Tuesday, November 07, 2000

Light rain fails to halt Ky. forest fires

By Roger Alford
The Associated Press

        PIKEVILLE, Ky. — A line of rain showers weakened and broke apart Monday night before it could substantially help firefighters battling more than 30 forest fires in eastern Kentucky, a state forestry official said.

        “They haven't gotten what they needed,” said Tim Sheehan, a spokesman for the state Division of Forestry in Frankfort. “They got about a trace to a tenth of an inch, and that's just not enough.”

        Mr. Sheehan said 31 fires were burning about 14,025 acres at dusk Monday. The blazes were burning in Bell, Breathitt, Clay, Harlan, Knox, Leslie, Owsley and Pike counties.

        Dry leaves and undergrowth from an unusually dry autumn have become the tinder for a string of human-caused fires in the mountains of Kentucky, Tennessee, North Carolina, Virginia and West Virginia.

        More than 3,500 firefighters from across the nation were working the fire lines, clearing away brush, setting backfires and making round-the-clock water drops in helicopters.

        Mr. Sheehan said firefighters were going to work through the night in eastern Kentucky. He said that although the light rain did not help, conditions have turned favorable for putting out the blazes.

        “We've had an increase in humidity and little wind, and those conditions are right to aggressively attack these fires,” Mr. Sheehan said. “But we'd always like for Mother Nature to help us out as much as possible. It would save everybody a lot of work and the taxpayers a lot of money.”

        The biggest problem in the remote areas of the fire has not been property damage, but smoke, which has drifted as far north as Cincinnati and affected the air quality in North Carolina's Piedmont region.

        In eastern Kentucky, Pike County Central High School canceled classes Monday after students complained of burning eyes, hacking coughs and headaches.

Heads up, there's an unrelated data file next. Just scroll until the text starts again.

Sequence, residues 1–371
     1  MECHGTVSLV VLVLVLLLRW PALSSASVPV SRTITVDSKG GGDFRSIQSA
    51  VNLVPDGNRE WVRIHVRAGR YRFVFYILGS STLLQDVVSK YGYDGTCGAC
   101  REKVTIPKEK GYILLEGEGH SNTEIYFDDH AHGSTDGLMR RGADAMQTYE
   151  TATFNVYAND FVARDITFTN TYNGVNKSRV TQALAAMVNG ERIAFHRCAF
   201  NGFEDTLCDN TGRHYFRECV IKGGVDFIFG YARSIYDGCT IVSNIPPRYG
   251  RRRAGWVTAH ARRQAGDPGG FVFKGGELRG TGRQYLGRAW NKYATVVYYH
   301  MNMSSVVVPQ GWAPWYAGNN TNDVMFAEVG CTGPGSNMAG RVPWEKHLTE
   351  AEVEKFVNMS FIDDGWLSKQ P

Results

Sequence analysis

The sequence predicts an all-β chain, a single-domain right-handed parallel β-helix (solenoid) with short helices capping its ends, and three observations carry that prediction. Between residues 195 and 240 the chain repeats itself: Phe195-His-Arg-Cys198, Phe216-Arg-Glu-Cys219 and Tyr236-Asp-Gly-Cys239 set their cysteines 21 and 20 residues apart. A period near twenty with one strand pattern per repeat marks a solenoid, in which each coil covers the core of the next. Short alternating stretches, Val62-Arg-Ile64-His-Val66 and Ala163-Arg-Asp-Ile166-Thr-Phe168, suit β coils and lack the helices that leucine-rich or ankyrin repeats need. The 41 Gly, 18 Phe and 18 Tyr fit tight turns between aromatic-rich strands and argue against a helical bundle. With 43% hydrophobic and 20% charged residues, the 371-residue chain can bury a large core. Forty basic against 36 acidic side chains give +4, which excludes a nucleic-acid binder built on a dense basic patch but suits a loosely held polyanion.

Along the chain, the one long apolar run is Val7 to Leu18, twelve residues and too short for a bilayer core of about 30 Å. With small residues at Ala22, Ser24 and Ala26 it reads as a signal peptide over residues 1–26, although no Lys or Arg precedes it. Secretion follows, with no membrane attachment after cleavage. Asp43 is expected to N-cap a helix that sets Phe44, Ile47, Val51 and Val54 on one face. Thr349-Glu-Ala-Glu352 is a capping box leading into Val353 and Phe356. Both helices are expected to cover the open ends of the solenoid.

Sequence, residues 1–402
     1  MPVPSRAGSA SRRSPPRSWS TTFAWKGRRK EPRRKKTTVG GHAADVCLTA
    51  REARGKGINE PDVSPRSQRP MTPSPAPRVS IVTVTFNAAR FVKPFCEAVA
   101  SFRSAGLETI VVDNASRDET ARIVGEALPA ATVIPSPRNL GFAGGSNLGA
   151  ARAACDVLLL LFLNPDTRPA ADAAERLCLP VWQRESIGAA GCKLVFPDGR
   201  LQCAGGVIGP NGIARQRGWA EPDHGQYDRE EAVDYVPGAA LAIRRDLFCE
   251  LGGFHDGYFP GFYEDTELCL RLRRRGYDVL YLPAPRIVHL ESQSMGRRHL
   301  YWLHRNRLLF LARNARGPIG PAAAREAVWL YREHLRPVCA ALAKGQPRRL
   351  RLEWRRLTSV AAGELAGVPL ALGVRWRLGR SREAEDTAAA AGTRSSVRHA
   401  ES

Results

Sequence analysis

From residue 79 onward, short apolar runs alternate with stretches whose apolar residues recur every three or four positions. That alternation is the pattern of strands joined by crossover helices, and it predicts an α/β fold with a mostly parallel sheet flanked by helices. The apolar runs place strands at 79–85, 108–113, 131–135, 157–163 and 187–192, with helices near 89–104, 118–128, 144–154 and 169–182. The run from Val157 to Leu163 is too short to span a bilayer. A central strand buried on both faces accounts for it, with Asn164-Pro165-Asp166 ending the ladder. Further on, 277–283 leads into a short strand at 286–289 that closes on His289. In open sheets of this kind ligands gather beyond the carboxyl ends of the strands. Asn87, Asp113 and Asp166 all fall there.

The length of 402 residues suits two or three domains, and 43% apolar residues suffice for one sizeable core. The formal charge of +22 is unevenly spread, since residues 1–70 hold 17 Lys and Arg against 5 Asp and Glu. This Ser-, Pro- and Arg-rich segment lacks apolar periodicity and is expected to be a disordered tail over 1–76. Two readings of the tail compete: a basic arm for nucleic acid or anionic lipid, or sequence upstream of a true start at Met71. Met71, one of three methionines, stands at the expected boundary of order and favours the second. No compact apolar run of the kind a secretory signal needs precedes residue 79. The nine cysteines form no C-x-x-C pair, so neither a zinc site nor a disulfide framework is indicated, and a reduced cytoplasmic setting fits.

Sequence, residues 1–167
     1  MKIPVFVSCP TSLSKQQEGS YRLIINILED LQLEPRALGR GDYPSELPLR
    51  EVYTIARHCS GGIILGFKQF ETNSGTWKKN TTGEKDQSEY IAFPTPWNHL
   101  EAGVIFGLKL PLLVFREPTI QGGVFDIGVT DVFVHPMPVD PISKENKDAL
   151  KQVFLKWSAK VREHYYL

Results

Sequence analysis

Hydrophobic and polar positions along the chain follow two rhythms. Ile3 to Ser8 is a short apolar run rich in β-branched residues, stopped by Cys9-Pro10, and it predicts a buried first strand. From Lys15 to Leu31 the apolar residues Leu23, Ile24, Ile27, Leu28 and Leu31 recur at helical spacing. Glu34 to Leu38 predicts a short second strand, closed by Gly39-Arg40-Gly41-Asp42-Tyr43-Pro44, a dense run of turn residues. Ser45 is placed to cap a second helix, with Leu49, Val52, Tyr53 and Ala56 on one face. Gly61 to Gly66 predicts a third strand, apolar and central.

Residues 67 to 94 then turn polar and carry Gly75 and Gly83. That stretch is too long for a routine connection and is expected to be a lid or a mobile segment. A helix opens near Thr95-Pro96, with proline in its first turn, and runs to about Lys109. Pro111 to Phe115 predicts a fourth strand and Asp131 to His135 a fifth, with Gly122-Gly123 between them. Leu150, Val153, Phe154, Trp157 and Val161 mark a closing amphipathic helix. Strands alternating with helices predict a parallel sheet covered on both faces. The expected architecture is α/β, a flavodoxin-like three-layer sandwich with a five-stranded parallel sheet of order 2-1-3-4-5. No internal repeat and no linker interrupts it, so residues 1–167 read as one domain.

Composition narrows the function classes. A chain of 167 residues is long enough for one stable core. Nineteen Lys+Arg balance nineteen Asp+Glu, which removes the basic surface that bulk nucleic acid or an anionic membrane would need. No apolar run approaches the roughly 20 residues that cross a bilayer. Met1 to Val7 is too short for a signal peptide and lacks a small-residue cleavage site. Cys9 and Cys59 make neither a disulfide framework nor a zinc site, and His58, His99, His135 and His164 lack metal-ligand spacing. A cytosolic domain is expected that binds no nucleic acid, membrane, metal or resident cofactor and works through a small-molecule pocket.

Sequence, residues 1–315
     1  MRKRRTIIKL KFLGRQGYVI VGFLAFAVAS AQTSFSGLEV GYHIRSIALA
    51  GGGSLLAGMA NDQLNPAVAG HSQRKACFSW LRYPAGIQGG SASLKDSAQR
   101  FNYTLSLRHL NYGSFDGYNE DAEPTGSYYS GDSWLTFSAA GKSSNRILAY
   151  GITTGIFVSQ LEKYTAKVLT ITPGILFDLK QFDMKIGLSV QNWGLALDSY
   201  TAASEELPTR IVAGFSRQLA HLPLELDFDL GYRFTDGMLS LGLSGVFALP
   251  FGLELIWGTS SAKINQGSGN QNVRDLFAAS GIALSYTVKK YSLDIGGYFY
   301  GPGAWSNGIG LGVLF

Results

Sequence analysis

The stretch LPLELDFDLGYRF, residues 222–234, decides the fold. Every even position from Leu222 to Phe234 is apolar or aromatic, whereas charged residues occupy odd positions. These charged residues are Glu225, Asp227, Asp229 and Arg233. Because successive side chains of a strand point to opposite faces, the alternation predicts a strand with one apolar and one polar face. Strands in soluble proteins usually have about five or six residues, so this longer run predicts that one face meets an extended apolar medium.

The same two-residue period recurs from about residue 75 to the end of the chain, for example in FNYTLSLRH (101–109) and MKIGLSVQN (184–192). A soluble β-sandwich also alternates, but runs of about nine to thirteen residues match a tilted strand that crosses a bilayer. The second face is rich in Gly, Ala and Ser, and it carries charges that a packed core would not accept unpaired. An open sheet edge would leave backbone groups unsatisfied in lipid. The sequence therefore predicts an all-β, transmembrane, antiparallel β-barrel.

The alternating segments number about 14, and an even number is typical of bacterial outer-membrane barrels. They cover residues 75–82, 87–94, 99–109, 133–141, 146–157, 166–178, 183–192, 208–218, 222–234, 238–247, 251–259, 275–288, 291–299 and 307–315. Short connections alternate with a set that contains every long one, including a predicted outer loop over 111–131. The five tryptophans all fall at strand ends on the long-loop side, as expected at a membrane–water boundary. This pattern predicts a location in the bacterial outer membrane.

“It was so bad, it had actually gotten inside the school,” said public information officer Rosalind Stanley. “We had to let the students go home.”

        A second front was due to reach eastern Kentucky by late Wednesday or Thursday.

        “The first batch will help things, but I don't think it's going to be enough to put the fires out,” said National Weather Service meteorologist Chuck Greif. “I think we'll have to wait for the second batch to knock them out.”

        Mr. Sheehan said Kentucky officials are watching the second front closely.

        “We're really hoping that produces a lot more moisture than this one (Monday night),” he said.

        West Virginia officials were ready to activate the National Guard to help fight 7,500 acres of wildfires if the expected rain doesn't materialize. They started moving equipment to three armories just in case.

        In Virginia's Shenandoah National Park, two large fires have merged into one blaze that has burned across 15,750 acres. High winds were hampering efforts to contain one flank of the blaze.

        Firefighters in North Carolina's Linville Gorge federal wilderness area were working to firm up containment lines around two fires that have burned more than 5,500 acres.

        Rain fell in the Linville Gorge area on Saturday for the first time in 39 days, but it amounted to only a tenth of an inch, hardly enough to give firefighters a break.

        “We need to get our people some 'R' and 'R' so they can be prepared to go back out if they need to,” said North Carolina forestry division spokeswoman Robin Carter. “Just pray we get rain.”


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- Light rain fails to halt Ky. forest fires